Mark points to several specific, personal benefits of urban gardening. First, of course, there’s the food. (Who can’t appreciate the crunch of a Mokum carrot or the beauty in a row of ruffle-leaved lettuces?) But behind this real food lies the honest labor that results in real satisfaction, another key reward. Mark writes:
At the end of a workday, the most common sentiment I hear from volunteers is astonishment at how much they have done. They are delighted to witness the immediacy of their accomplishments. When the day started, the onions were a weedy, overgrown mess; by the close of the afternoon, the crop lines are clean and obvious. Most people’s regular jobs don’t provide such clear cause and effect.
Cultivating farmland where we can provides other simple gifts, too: an artistic outlet, an escape from a self-absorbed society, and a much-needed reconnection with nature—no matter how urban it might be. Mark says this of his beloved, if not bucolic, Alemany Farm:
This isn’t the backwoods of Yosemite. We grow food next to a 165-unit public-housing project. I will never forget one college student I spent an afternoon weeding with. I asked him why he came to the farm. “It’s just great to be out in nature,” he said. I almost dropped my hoe. Didn’t he hear the rush of freeway traffic seventy yards away?
(article not available online)
Image by clayworkshop, licensed under Creative Commons.
6/28/2011 5:29:40 PM
Are you an Iowan who professes an unshakable love for the sweet corn that comes from your local farmstand? A Mainer who can’t live without your state’s legendary blueberries? A Californian who considers the silky-fleshed avocados plucked from your backyard tree unparalleled? The flavors closest to home are often the ones closest to our hearts.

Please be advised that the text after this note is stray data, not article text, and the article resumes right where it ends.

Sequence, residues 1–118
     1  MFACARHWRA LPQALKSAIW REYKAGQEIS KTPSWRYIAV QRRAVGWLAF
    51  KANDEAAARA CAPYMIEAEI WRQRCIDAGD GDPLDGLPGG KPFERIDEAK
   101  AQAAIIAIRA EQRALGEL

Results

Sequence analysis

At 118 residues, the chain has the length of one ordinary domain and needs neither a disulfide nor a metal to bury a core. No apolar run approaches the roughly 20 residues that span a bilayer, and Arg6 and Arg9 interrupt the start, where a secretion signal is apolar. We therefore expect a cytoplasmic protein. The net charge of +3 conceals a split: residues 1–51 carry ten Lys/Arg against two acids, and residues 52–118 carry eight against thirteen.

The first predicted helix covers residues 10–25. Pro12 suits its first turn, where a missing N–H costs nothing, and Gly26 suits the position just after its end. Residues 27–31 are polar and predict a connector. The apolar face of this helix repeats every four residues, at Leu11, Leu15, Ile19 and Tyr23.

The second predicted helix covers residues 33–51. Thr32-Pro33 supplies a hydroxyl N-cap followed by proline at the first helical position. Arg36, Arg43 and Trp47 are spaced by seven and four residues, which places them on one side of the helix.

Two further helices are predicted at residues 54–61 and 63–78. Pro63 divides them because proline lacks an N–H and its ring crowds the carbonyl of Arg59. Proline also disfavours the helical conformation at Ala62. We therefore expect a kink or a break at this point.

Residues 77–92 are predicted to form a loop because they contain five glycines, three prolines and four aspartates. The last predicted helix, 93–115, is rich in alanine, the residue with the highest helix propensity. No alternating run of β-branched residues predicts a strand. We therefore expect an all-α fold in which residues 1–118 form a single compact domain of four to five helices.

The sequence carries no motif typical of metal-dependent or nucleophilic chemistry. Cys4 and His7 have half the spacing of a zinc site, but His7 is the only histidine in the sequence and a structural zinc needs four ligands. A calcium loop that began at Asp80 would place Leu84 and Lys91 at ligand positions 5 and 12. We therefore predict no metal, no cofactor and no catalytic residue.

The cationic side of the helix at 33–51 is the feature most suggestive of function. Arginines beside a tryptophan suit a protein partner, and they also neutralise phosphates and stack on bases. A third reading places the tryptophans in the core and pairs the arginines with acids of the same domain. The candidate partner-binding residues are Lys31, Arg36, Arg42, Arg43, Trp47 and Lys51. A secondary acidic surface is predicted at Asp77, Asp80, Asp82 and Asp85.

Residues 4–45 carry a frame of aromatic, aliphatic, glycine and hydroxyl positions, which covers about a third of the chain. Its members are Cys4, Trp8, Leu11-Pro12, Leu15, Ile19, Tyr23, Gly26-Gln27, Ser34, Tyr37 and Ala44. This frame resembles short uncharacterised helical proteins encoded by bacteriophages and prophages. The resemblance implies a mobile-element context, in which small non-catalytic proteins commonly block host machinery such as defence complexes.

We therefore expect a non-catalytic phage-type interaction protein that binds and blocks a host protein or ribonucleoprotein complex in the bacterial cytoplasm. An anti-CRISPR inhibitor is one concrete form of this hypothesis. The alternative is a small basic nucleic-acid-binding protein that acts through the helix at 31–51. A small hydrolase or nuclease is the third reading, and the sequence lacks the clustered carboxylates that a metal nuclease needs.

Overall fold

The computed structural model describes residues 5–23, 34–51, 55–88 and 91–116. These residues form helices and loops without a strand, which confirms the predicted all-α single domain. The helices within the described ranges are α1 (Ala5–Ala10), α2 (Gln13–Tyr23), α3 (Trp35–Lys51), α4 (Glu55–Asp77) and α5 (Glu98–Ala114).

This summer, vacant lots across South Philadelphia are coming to life with the produce of Asia, reports Ariela Rose in Grid, as refuges from Bhutan and Burma (aka Myanmar) seek to bring the foods of their homelands to their new American state.
Through a project called Growing Home, the empty lots have been converted into five community gardens featuring 72 beds that are tended by 70 different Nepalese and Burmese clans, according to the South Philly Review. There, the refugees have sown seeds that call up a connection to their native soil—bok choy and mizuna, hot peppers and eggplant, fragrant Thai basil and spicy Burmese mint.
“Many of the seeds…used were carried by the refugees, safely sewn into their clothing as they made their journey to the United States,” says Rose in Grid, highlighting the deep reverence these immigrants have for their relationship with farming.
The refugees from Bhutan—ethnic Nepalis—and the refugees from Burma—ethnic minorities—experienced severe discrimination in their home countries and spent years in refugee camps before arriving in America. When Philadelphia’s Nationalities Service Center and the Refugee Social Services Department asked them what would make the difficult transition here easier, a place to work the soil was at the top of the list.